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Swimrun – As equal as it gets

The new sport of swimrun doesn’t have the luxury of claiming a historical heritage like golf for instance. Neither is it the result of the natural development of one or more sports, but rather a stand-alone phenomenon. A result of peoples’ natural curiosity and desire for adventure. It originates from a drunken bet among friends, skipping a couple of 100 years of development and time-specific historical influence, making it its own product, divergent in origin and without any pre-established sports-related cultural norms.

And this is important, because Swimrun is a sport of our time.

You will have those arguing that swimrun is the natural development of triathlon or aquathlon, but nothing could be farther from the truth. To understand why, you need to understand the setting of its origin, i.e. one of the most unique archipelagos in the world, with some 30.000 plus islands and the very special Swedish system of the Right of common (Allemansrätten) that gives you as a private person the right to cross most private properties without having to ask for permission. It didn’t take long for people to grasp and fall in love with this unique way of racing. The sense of hardship and adventure in a magical setting drew attention to the experience of the race, while trying to make it to the end, rather than racing against each other and finishing 1st. And yes, it was tough, with quite a lot of DNFs in the beginning.

Today the swimrun scene has exploded with numerous variants. Following the natural developments of most sports. It’s also based on gender categories, but with a twist. In most sports you participate in either men’s and women’s, where only some have the option of racing in mixed. However, in swimrun you race in teams of 2, where all contestants start at the same time, under the same conditions, as one group.

The race results are being balanced out

The year swimrun took off in 2009, there were 51 men’s team, 4 mix team and 3 women’s team on the starting line. A male dominance one can argue, and looking at the results from that year, women and mixed ended up in 11th and 13th place in total, which is impressive given the line-up. Now, like in most sports when it comes to performance in the top tier, men do have a physical advantage towards women. But given the natural setting of swimrun racing and the aspect of racing in twos, several technical aspects can play their part in leveling the odds such as: technical trail, choppy or cold water conditions, the level of difficulty in orienting in water and on land, the many ins and outs, and the type of gear being used by the team. Just to mention some. But lets not also forget that in longer endurance races, women tend to outlast men. On a subjective note, competing in the mixed category myself, I’ve overheard other mixed teams on numerous occasions witnessing as to how they have had to share the burden of the race, taking turns in pulling and pushing each other.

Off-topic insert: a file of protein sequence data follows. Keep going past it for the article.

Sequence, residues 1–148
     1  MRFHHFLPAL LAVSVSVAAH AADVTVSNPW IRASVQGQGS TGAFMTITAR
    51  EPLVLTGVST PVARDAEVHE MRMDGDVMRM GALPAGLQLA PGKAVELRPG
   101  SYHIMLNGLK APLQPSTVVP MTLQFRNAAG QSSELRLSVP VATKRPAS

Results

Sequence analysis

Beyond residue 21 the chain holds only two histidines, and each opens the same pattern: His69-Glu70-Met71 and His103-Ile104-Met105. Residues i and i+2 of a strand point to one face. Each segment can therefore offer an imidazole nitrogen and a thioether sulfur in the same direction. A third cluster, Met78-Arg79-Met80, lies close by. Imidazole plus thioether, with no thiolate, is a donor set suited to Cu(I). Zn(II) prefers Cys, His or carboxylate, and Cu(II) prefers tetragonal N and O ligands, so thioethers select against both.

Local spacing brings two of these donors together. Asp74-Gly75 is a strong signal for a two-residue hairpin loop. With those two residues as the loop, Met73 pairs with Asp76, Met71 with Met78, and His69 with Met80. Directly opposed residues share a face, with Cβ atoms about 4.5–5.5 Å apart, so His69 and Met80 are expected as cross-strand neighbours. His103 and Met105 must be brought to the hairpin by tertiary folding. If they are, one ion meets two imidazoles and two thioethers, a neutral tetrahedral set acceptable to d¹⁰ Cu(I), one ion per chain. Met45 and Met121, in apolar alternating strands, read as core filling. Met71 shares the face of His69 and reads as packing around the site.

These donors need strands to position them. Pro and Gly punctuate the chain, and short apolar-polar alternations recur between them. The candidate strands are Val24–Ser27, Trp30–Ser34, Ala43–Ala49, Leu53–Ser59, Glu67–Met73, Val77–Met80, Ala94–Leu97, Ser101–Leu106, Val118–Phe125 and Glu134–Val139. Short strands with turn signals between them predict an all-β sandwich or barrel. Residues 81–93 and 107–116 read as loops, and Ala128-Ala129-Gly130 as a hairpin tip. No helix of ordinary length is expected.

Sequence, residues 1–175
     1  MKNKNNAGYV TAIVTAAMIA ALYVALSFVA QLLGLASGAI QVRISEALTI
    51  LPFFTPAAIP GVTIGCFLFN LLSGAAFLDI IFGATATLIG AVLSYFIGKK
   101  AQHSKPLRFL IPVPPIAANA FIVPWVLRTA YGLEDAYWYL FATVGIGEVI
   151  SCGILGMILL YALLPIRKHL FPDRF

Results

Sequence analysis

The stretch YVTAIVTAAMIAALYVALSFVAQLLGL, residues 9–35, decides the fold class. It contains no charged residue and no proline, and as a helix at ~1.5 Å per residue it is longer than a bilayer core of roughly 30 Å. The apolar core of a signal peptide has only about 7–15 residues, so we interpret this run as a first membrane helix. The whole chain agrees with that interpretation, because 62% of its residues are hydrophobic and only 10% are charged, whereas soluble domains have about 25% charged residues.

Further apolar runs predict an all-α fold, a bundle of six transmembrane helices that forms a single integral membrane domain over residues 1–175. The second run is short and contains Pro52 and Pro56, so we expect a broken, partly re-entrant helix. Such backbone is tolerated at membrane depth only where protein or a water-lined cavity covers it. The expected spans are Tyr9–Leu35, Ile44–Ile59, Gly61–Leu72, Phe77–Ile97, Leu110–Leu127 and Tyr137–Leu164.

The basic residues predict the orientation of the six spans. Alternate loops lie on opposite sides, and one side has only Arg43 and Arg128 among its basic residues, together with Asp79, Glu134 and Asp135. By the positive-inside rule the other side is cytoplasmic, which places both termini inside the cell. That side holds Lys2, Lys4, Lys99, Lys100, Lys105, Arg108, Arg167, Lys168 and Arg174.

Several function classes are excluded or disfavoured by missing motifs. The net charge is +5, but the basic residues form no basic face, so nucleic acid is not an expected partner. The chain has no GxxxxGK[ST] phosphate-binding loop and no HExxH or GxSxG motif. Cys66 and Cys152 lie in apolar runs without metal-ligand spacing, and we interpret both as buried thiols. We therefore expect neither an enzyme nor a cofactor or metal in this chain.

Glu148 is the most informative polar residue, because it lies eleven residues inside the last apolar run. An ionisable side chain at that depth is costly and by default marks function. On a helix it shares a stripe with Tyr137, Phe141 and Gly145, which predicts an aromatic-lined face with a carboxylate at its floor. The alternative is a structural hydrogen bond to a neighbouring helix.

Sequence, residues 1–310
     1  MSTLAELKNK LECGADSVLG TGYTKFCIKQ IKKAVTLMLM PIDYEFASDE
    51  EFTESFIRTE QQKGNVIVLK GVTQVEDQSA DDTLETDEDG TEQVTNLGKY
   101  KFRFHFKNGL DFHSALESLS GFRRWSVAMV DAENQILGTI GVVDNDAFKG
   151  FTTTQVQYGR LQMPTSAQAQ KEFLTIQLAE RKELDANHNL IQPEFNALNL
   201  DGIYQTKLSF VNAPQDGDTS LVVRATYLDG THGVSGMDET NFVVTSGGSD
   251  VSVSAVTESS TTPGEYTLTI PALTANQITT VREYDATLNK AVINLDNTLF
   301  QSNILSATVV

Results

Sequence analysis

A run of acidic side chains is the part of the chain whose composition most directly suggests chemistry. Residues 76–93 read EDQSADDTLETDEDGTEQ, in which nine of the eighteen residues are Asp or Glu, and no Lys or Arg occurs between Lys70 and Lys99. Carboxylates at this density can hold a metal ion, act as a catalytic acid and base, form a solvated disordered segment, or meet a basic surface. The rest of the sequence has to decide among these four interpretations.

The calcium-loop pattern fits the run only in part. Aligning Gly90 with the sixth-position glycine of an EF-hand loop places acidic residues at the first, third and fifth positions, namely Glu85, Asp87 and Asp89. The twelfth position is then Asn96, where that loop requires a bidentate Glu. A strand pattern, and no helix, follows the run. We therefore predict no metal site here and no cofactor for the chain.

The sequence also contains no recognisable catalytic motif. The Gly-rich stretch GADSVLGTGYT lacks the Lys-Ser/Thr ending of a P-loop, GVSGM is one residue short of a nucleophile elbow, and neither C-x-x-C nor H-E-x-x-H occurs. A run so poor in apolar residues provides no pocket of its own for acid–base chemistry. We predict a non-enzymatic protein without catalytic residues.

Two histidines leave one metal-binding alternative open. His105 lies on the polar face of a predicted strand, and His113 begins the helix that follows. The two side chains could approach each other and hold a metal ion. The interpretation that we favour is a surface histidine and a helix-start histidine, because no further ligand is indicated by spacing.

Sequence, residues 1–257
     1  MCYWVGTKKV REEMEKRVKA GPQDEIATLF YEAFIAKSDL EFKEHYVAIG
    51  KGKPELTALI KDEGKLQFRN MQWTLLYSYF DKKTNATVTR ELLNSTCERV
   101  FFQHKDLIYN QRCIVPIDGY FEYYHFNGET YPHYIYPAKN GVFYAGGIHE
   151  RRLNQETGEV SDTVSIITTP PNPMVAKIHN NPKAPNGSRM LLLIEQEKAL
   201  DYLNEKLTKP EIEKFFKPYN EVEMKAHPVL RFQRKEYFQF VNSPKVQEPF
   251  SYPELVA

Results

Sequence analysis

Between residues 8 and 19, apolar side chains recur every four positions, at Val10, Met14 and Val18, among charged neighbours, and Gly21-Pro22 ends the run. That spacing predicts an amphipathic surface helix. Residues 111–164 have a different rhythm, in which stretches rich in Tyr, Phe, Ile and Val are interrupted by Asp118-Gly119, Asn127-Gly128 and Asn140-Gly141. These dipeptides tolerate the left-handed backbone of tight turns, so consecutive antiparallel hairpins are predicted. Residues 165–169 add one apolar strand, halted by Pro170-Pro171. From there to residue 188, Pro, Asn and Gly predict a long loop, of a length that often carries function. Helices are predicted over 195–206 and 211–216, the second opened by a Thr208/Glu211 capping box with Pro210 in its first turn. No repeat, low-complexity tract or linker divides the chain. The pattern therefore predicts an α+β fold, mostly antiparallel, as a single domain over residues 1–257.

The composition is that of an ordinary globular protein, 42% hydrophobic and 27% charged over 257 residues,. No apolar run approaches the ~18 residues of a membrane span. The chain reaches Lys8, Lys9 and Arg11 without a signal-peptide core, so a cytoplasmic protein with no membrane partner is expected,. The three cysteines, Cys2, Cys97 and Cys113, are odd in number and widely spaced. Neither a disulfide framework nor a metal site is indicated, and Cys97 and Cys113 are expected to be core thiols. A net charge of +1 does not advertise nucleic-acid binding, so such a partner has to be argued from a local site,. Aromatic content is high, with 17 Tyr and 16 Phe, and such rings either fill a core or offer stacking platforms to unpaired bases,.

Looking at some of the previous results, many races have become an open game. Team Annica Ericsson and Kristin Larsson (SE) have been crushing the competition and last year won the SwimrunMan competition all together. This is where the receptionist from the little village of Les Salles-sur Verdon dropped the now famous comment “But you are women?!” 

The ÖtillÖ world championship has seen  their first non-all-male team beating the 9 hour mark, a mixed team coming in 5th in total, which is impressive keeping in mind that ÖtillÖ draws the best of the best in the world. Ångaloppet, the world’s biggest swimrun race (counting the number of teams), have seen two mixed teams making the top 6, this out of a staggering +440 teams. The Rockman swimrun race saw a mixed team come in 2nd, and the Loch Gu Loch race in Scotland has been won by a mixed team with the 2nd mixed team coming in at 4th place, and with the 1st female team finishing 5th.

Looking into the setting of swimrun it can’t be “easier” to compete. Everyone starts together at the same time, with no specific class-division, racing on equal terms with no benefits being drawn or any type of race allowance. There is no differentiation in technical gear. You race individually against your own capacity and as part of a team, dependent on each other’s strengths and weaknesses.

You start together, race together and finish together.

Swimrun, as equal as it gets!

/The WoS Team

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2 Comments

  1. Adriel says:

    Hey!
    That photo of Eva and I at the top. Can I use it and if so who can I tag as the photographer/owner?
    Regards,
    Adriel

    1. Nic says:

      Adriel. Of course. Drop us an email or via Facebook and we’ll send you a copy.

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